Lye Organ Company
Lye Organ Company. Edward Lye (b Somerset, England, 1828 or 1829, d Toronto, 9 Nov 1919) became a cabinetmaker in England, and this training appears to have led naturally to the construction of organs. His cases, frames, chests, and wooden pipes are a testimony to his understanding of and skill with wood.
Lye, his wife, and infant son Edward, Jr, moved to Toronto in 1856. There he secured work with Jacques and Hay, the furniture makers, and remained with this company until 1868 while he established himself and capitalized his organ-building concern. He is listed in the Toronto Directory as an organ builder in 1862-3, so for a few years he held his job while he started his own business. As they reached their teens, several of Lye's sons joined him in the company, which came to be known as Edward Lye and Sons (Edward J., Arthur H., Herbert H., and Walter L.). Another son, John G., at one time was the firm's bookkeeper.
After working from his home and then renting space at 195 Yonge Street, Lye in 1875 bought premises at the corner of St Nicholas and St Alban (now Wellesley) streets. Here he built several houses and his organ workshops; the property was finally sold in 1939. Lye's output can only be estimated, as no contracts covering the period 1862-80 have been found. Some 225 contracts from 1881 to 1933 are extant. Most of Lye's organs were robust, well-built two-manual tracker instruments, tailored to prevailing conditions and the client's means. His tonal design shows a sound knowledge of the principle of reinforcing foundation tone by the addition of appropriate upperwork.
Lye built organs for over 60 churches and other clients in Toronto. The firm also sent instruments to Fortune, Nfld; Charlottetown and Summerside, PEI; Annapolis Royal, NS; Clarenceville and St John, Que; Winnipeg, Man; Port Simpson and Marpole, BC; and many places in Ontario. An organ is reputed to have gone to Dawson in the Yukon. The major Toronto contract was that of Holy Trinity Church (1883). The case and the four stops of the small organ made by John Thomas were retained, moved from the north transept to the chancel, and incorporated in a large new three-manual tracker instrument of 28 stops. Lye supplied organs to the Anglican cathedrals in Sault Ste-Marie and Kenora, Ont, the chapel of the University of Trinity College, Toronto (1884), the TCM (1889), Bishop Strachan School (1900), and Albert College (1901). He also sent an organ to the 1892 Toronto Exhibition (CNE).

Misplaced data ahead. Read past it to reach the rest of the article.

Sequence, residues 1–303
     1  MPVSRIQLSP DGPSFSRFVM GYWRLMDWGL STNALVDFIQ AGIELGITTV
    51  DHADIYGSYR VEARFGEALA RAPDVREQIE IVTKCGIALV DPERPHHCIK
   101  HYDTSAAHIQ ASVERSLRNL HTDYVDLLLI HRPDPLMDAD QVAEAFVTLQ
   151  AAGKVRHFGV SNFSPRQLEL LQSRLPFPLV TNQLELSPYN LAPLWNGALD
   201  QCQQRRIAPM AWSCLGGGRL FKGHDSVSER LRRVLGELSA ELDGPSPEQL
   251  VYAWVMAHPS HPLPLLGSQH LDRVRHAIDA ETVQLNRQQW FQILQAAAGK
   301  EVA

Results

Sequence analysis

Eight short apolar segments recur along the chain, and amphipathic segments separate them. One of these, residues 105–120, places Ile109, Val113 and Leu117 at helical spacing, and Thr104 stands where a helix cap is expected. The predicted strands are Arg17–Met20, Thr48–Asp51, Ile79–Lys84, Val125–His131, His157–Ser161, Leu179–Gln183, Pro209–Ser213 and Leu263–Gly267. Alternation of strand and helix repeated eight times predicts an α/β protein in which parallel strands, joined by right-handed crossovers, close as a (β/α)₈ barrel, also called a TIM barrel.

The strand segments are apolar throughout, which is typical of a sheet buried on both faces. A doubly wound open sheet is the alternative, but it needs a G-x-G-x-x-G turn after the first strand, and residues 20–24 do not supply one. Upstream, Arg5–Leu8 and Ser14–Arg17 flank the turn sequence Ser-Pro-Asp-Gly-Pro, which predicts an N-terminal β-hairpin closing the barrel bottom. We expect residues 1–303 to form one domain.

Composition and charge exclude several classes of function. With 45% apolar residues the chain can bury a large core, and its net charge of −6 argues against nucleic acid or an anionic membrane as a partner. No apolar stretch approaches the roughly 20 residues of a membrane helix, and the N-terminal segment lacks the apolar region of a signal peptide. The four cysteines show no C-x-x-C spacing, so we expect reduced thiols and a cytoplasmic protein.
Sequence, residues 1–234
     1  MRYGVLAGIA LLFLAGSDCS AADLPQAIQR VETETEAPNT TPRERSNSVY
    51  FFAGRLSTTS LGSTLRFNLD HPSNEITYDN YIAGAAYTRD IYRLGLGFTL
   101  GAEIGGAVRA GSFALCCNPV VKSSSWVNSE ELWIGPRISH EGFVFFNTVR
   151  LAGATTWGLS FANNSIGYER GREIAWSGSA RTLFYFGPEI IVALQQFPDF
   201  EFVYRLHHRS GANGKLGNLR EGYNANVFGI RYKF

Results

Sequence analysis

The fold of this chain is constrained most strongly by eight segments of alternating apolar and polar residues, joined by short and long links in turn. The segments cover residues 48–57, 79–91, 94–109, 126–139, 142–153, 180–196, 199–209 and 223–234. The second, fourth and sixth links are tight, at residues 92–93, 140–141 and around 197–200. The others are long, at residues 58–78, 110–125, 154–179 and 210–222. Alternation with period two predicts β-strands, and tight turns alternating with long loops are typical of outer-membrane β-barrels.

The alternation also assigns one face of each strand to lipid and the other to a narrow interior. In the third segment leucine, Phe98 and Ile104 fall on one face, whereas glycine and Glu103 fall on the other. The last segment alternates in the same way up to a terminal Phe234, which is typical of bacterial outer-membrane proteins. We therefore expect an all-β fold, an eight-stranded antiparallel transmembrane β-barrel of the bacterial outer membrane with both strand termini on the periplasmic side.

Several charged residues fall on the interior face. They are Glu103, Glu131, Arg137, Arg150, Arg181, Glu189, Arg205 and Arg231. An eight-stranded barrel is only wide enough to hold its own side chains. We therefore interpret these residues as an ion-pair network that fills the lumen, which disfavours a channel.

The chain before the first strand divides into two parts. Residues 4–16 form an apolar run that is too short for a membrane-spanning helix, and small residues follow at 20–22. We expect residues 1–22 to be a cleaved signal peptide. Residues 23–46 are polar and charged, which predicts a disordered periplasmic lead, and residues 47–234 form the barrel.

Dozens of Lye's organs are still in regular use, many as he built them. These include St Thomas, Millbrook (1889), St Mark, Barriefield (1901), Christ Church, Baillieboro (1903), and St-Marc, Ottawa (1913), all in Ontario. Many others survive in rebuilds.
Although the firm turned out no less than eight organs in 1930, and three in each of 1931, 1932, and 1933, the Depression forced the remaining Lyes to restructure it as The Lye Organ Company. This new company drew its impetus from William Lye, a son of Walter Lewis Lye. Together with his brothers Norman and Murray, William Lye continued the tradition of the old company, but also introduced new technology. The new company started out at the St Nicholas Street factory, but in 1939 moved to Stephenson Avenue and Main, then in 1944 went to Cornell House (now a museum in Thomson Memorial Park) on Markham Road. An example of the new company's larger work is the three-manual organ in St John's Church, Port Hope. The last Lye pipe organ was built in 1954 for the United Church in Locust Hill. With several years of orders on his books, William Lye stopped building organs to take out a more profitable Baldwin agency. He continued to do repair work until 1982.
The Lyes contributed to the Toronto musical scene in many other ways. Edward, Sr, played the tower chimes at St James' Cathedral 1867-91, as did Walter 1888-1958, and Walter's son, Murray, 1958-9. William deputized for Walter over the years. (See also Bells, Chimes.) Edward, Jr, sang in the choir at Holy Trinity Church. Arthur assisted with the organ at Holy Trinity, and sometimes played opening recitals on the firm's new organs. Herbert was a member of the Arlidge Flute Quartet, the Toronto Flute Club, and the Imperial Concert Band. He also played the bells at Timothy Eaton Memorial Church.